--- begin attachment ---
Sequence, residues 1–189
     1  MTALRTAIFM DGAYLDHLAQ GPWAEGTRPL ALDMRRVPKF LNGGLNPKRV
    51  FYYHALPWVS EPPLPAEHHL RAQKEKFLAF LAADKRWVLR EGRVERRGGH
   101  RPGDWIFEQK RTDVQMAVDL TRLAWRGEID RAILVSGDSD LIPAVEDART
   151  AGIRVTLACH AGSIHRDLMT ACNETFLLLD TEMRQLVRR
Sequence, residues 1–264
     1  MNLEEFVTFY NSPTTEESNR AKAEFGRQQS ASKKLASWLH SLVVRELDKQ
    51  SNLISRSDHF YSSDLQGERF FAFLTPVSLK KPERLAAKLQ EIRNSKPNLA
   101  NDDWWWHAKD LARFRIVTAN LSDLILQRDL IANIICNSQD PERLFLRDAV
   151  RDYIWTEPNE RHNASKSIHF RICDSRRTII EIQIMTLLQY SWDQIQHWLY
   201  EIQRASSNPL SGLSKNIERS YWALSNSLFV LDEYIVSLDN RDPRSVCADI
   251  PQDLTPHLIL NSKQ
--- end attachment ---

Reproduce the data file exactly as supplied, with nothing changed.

Sequence, residues 1–189
     1  MTALRTAIFM DGAYLDHLAQ GPWAEGTRPL ALDMRRVPKF LNGGLNPKRV
    51  FYYHALPWVS EPPLPAEHHL RAQKEKFLAF LAADKRWVLR EGRVERRGGH
   101  RPGDWIFEQK RTDVQMAVDL TRLAWRGEID RAILVSGDSD LIPAVEDART
   151  AGIRVTLACH AGSIHRDLMT ACNETFLLLD TEMRQLVRR
Sequence, residues 1–264
     1  MNLEEFVTFY NSPTTEESNR AKAEFGRQQS ASKKLASWLH SLVVRELDKQ
    51  SNLISRSDHF YSSDLQGERF FAFLTPVSLK KPERLAAKLQ EIRNSKPNLA
   101  NDDWWWHAKD LARFRIVTAN LSDLILQRDL IANIICNSQD PERLFLRDAV
   151  RDYIWTEPNE RHNASKSIHF RICDSRRTII EIQIMTLLQY SWDQIQHWLY
   201  EIQRASSNPL SGLSKNIERS YWALSNSLFV LDEYIVSLDN RDPRSVCADI
   251  PQDLTPHLIL NSKQ